But what is the Feminine, exactly? Shekhina/Sakina? But what is that? A feminine tranquility sent down to us? But what is it, exactly? A transcendence? A means of transcending a masculine symbology? Or alternatively, the creative embodiment of that symbolic existence?
I have restated my formulation repeatedly here, though after different fashions, lovingly enumerated. You think the people would have had enough of silly love songs. But I look around me and I see it isn’t so. And here I go again: the relationship between the Feminine, the Hijab and the Masculine now, mythopoetically first and then mathematically and then in co-garmenting of enumerations (the signs of my mathematics becoming mythopoeic distillation).
And at the same time, I can now reveal to you the meaning of exterior and interior in Sufism. Because, as we have said, there is no exterior/interior dialectic within the Shariah nor within Prophetic vision: Prophecy is to live within Symbolic space alone, to live the signs in absolute metonymy of illuminated intimation, not in metaphoric suggestion of an Imaginary external meaning. So to say, for example, that the verses regarding hijab have an internal, esoteric meaning and an external, pragmatically physical meaning is to play into a dialectic that is essentially sinful, in the sense of its distance from Prophetic sunnah.
A sister (clad in an amazing tabby catsuit) came to the Tailor’s shop to purchase a hijab.
The Tailor said:
My apologies for propagating further hijab-debate (which is continual, often terribly boring and I understand, coming as it does from a man, often irritating to the sisters).
I am confused by your request to purchase a hijab: for clearly you are in full hijab – I can only see your hands, left and right. The same for your mother and your sister. You have both style and flare and no further progress is necessary: you are already there. Unless you wish to realize the law into the physical plane, but there are of course a multiplicity of such authentic realizations. However that is a process of purr-chasing a pair of rose tinted spectacles to see how the law has played out in front if you, rather than buying new garments.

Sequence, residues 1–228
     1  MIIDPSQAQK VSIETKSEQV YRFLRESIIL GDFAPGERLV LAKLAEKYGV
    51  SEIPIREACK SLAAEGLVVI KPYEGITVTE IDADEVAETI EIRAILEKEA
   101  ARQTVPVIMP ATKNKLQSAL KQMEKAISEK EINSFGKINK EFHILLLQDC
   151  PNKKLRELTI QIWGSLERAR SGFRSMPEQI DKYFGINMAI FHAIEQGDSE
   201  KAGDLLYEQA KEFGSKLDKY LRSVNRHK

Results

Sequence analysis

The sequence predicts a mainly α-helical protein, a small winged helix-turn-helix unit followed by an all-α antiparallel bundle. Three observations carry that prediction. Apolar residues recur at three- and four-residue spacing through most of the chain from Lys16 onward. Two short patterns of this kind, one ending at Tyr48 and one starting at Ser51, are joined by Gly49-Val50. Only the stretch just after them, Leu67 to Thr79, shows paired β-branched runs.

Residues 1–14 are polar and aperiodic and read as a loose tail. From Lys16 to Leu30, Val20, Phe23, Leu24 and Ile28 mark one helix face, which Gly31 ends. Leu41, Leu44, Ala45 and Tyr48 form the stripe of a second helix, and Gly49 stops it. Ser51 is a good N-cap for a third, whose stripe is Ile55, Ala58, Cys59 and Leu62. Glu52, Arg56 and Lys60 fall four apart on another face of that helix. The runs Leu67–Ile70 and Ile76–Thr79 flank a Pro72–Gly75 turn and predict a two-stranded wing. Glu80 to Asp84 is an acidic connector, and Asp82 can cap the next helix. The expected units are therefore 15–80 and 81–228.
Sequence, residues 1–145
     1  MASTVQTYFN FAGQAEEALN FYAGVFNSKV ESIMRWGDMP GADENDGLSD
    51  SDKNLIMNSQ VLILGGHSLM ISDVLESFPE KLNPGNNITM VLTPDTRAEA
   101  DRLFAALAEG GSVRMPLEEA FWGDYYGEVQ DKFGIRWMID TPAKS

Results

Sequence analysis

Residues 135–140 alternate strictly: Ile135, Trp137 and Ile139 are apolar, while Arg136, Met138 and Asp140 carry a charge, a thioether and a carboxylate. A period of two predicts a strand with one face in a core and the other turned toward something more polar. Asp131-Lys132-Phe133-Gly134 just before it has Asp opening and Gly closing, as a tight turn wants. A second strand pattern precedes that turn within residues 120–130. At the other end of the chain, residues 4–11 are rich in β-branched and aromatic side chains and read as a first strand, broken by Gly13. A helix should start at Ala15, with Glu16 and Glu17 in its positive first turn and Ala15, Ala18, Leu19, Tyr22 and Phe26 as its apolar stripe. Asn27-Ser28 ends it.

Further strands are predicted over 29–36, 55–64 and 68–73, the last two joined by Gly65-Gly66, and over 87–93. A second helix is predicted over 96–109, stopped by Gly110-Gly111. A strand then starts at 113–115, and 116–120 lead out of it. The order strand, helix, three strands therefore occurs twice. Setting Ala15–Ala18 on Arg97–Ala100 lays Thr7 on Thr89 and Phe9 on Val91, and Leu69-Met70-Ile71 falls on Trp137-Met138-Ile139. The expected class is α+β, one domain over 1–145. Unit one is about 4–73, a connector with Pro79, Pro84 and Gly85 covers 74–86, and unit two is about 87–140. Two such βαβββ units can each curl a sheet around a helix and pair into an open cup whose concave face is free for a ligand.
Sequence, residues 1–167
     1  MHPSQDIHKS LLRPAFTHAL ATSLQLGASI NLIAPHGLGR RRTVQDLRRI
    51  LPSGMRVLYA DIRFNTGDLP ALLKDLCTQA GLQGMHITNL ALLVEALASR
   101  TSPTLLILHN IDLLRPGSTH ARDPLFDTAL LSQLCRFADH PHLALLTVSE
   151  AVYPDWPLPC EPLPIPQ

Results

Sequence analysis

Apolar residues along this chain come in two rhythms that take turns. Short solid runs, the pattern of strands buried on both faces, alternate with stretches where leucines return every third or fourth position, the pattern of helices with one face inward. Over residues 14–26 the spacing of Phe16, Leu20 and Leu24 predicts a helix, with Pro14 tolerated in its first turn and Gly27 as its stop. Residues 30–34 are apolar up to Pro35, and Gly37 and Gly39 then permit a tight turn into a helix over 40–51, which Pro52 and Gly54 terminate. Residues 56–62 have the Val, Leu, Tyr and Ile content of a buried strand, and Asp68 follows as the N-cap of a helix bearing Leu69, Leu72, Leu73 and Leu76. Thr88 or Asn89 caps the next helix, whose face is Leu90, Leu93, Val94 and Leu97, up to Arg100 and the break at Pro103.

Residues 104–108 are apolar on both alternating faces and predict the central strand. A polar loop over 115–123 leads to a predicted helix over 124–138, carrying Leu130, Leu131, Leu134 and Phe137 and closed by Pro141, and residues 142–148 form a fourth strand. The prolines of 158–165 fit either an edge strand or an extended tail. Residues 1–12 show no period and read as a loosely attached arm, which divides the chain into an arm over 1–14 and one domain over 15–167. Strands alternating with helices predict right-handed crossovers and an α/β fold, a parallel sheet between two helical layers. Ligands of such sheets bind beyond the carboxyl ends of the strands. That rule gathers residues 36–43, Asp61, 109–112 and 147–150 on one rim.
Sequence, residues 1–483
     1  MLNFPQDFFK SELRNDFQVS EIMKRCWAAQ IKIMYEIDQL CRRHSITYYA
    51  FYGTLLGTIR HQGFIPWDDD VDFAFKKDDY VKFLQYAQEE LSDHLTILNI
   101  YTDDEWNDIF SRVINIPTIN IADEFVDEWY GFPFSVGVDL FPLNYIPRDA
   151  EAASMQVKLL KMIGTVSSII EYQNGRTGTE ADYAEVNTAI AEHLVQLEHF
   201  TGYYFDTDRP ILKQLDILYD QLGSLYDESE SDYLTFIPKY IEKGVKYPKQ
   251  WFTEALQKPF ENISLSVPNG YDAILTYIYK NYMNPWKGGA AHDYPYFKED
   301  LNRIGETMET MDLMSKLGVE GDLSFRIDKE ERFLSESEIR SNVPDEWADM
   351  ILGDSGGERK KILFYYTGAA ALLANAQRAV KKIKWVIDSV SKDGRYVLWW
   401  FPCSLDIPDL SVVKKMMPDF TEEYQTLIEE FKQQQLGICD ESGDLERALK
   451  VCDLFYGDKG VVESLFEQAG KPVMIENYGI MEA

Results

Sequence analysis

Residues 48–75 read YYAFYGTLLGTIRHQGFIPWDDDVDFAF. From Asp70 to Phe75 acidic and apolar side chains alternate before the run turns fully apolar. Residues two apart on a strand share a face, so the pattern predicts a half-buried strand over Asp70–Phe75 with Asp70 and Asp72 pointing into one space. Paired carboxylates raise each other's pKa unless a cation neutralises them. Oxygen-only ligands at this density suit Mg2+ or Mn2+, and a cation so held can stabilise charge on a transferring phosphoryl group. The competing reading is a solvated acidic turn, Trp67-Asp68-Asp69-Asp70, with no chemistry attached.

The sister said:
I understand and, to an extent, agree with the idea that speech/perception is the hijab and that the feminine is some form of human creativity that requires shelter of a righteous hijab. However, does this mean that there is no need left for the physical scalf? This would be pushing the metaphor a little too much, don’t you think so? As Sufism teaches us, shariah is both internal and external, after all.
The Tailor then replied:
Of course in Sufism, there is a particular sense of internal and external that I won’t dispute. And certainly, in non-Prophetic life, the internal/external dialectic is unavoidable.
But I would like to say that, in my view, there is no internal/external dialectic within Shariah. In this case, there is only a hijab of speech — it isn’t a metaphor in the Shariah, because metaphors are signs substituted for signs, and the Shariah (being Divine) is signs, standing alone (not substituted). The particular property of these legal signs is that they provide a resonance with the Real via their own self-reference (the rulings on hijab “refer” to the nature hijab-as-ruling). The Prophet as lawbringer is one who finds complete coincidence of what we see as internal and external, because his reality is Truth: there is no longer a (external) woman wearing a hijab, just there is no longer a (metaphoric, internal) Feminine Creative clothed a garment of Protective Righteous Language. There is now a (neither external nor internal) a woman wearing hijab (a paradoxical, exceptional hijab, that simultaneously hides and reveals through the actual shelter of hiding).